The city of Portland, Oregon, has a rich history dating back to its founding in 1843. As such, there are a number of a purportedly haunted landscapes there inhabited by ghosts' of Oregon's past. From cemeteries to haunted walking tours of mansions and beneath the city streets, there are several options for Portlandians to get their fright on.
Tour of Untimely Departures
Every Halloween, the Friends of Lone Fir Cemetery (friendsoflonefircemetery.org), a community group dedicated to the restoration and preservation of the cemetery, offers its annual Tour of Untimely Departures. In two separate 45-minute sessions going throughout the night, "ghostly guides" take visitors throughout the cemetery on a path lit only with candles. This tour not only highlights the spooky and creepy thrills, but also a look at the history of Lone Fir. Tickets go one sale every October, with a price of $10 for adults and $15 for families.
River View Cemetery
The River View Cemetery (riverviewcemetery.org) on SW Taylors Ferry Road offers self-guided tours of its picturesque grounds. Replete with an array of vibrant dogwood trees more than 100 years old, River View offers plenty in the way historical monuments and expert craftsmanship from nearly a century ago. The cemetery also houses such famous Portland residents as Simon Benson, the city's wealthiest lumberman in the early 1900s who was responsible for installing Portland's iconic drinking fountains throughout the city.
While not taking place in a graveyard exclusively, Portland Walking Tours' (portlandwalkingtours.com) "Beyond Bizarre Ghost Tour" is an evening-long walking tour that explores not only the city's history, but also real-world paranormal investigation. Before the tour begins, the guides hand out ghost hunting equipment and set off to such locations as the basement of Old Town Pizza, where a ghost named Nina is said to haunt the 1888 Merchant Hotel. Guides offer a family-friendly all-ages tour that begins at 7 p.m., as well as spookier over-18 tour that begins at 10 p.m.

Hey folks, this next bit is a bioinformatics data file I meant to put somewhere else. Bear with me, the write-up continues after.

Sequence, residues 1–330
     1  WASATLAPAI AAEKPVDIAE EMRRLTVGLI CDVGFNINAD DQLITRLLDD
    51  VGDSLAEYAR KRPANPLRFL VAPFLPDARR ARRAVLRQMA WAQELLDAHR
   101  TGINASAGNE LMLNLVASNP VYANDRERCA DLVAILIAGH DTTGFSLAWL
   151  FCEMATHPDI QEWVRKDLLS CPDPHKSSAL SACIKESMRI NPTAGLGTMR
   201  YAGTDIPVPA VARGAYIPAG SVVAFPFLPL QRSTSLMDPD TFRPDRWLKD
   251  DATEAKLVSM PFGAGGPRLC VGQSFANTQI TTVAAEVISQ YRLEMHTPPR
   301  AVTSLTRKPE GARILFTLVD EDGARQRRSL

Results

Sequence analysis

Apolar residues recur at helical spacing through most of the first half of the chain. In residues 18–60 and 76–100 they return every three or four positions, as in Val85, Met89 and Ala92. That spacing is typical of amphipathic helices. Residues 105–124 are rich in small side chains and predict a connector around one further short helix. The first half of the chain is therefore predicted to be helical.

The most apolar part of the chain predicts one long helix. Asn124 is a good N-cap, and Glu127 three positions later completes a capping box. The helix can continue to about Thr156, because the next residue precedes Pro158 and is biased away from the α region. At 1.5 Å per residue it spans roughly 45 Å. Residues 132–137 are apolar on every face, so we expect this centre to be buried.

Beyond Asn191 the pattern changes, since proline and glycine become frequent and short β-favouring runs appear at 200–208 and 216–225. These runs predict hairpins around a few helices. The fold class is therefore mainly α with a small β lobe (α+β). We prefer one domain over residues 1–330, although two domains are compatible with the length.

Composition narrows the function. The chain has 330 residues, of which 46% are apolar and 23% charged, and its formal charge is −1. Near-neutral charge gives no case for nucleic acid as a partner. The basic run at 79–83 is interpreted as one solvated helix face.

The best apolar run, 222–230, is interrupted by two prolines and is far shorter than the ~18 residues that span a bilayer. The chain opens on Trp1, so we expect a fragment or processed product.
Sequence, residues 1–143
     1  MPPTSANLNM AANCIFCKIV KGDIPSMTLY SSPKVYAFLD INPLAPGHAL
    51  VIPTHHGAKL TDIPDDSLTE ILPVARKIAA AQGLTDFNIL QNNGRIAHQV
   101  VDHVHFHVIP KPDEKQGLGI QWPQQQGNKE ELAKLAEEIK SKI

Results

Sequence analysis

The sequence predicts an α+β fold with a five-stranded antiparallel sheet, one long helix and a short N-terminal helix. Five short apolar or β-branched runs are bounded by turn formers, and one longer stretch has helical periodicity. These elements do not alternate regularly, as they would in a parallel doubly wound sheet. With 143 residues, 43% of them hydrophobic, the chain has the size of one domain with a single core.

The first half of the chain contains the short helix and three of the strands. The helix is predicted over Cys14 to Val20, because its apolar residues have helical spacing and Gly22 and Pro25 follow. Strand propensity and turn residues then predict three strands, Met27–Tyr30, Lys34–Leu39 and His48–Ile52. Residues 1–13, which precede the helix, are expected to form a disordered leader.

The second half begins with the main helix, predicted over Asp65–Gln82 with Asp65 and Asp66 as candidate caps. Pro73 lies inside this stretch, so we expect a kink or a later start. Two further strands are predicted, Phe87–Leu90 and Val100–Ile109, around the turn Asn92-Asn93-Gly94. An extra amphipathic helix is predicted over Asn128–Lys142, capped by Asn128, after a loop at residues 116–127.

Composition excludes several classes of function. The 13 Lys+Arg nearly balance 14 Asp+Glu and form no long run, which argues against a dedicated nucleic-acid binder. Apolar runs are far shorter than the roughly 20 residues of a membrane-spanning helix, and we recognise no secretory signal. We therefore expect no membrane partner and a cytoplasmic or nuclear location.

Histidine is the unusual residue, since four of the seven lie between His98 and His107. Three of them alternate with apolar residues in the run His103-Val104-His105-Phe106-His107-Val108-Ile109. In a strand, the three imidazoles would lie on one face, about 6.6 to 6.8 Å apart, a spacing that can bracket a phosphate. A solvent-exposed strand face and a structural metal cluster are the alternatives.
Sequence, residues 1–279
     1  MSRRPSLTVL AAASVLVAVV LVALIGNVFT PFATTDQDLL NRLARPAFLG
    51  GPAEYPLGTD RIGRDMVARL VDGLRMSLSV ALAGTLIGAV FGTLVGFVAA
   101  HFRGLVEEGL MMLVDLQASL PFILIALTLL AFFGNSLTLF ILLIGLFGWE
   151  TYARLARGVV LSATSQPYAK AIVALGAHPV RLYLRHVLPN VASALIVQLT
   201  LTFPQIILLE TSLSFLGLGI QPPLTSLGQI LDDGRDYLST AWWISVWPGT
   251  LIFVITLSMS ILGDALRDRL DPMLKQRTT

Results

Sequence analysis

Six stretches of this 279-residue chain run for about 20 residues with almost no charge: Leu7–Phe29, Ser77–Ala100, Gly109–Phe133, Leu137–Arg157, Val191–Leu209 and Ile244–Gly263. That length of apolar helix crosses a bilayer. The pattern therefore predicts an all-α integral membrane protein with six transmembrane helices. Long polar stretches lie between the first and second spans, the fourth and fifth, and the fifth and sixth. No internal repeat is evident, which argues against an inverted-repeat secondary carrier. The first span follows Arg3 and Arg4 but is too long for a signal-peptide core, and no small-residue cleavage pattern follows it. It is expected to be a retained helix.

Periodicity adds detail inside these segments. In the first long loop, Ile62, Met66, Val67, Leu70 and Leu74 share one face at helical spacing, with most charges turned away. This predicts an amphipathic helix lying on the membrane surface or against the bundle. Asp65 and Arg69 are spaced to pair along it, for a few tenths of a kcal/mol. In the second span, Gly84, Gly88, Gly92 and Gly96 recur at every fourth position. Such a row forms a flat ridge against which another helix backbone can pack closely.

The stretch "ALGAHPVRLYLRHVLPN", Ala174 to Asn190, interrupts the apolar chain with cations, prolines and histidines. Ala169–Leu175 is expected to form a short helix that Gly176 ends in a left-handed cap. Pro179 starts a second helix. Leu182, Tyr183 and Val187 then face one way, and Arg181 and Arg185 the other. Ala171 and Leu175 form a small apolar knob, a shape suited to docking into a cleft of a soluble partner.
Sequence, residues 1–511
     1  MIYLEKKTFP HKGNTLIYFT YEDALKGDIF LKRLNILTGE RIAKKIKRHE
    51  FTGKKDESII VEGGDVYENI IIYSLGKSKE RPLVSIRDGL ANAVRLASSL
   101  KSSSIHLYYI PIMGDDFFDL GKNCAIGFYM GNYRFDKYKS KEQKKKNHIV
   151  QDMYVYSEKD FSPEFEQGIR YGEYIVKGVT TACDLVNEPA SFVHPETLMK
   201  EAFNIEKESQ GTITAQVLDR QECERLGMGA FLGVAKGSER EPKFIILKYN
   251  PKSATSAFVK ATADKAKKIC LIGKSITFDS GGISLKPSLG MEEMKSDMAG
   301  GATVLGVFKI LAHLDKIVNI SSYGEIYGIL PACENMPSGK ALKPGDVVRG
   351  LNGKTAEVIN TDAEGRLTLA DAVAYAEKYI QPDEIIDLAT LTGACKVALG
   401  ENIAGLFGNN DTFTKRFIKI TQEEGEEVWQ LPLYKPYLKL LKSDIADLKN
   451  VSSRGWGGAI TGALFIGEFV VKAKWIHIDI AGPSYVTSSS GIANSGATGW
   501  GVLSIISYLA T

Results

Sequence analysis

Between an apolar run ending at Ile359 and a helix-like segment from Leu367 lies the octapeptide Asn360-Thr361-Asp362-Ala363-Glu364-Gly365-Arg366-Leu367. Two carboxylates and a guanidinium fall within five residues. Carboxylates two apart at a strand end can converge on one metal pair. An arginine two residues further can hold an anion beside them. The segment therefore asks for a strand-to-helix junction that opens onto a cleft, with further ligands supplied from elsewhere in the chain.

Shanghai Tunnels Tour
While not a cemetery per-say, a vast network of underground tunnels and cells known as "The Underground City" were where scores of Portland residents -- victims of "Shanghaiing" -- met their end. Between 1850 and 1941, able workers were often kidnapped and forced to work on ships without pay, but not before being forced through trap doors into the Portland Underground and held until their ship set sail. A special ghost tour of this area is offered throughout the month of October, as well as on Friday the 13th and Saturday the 14th (shanghaitunnels.info).
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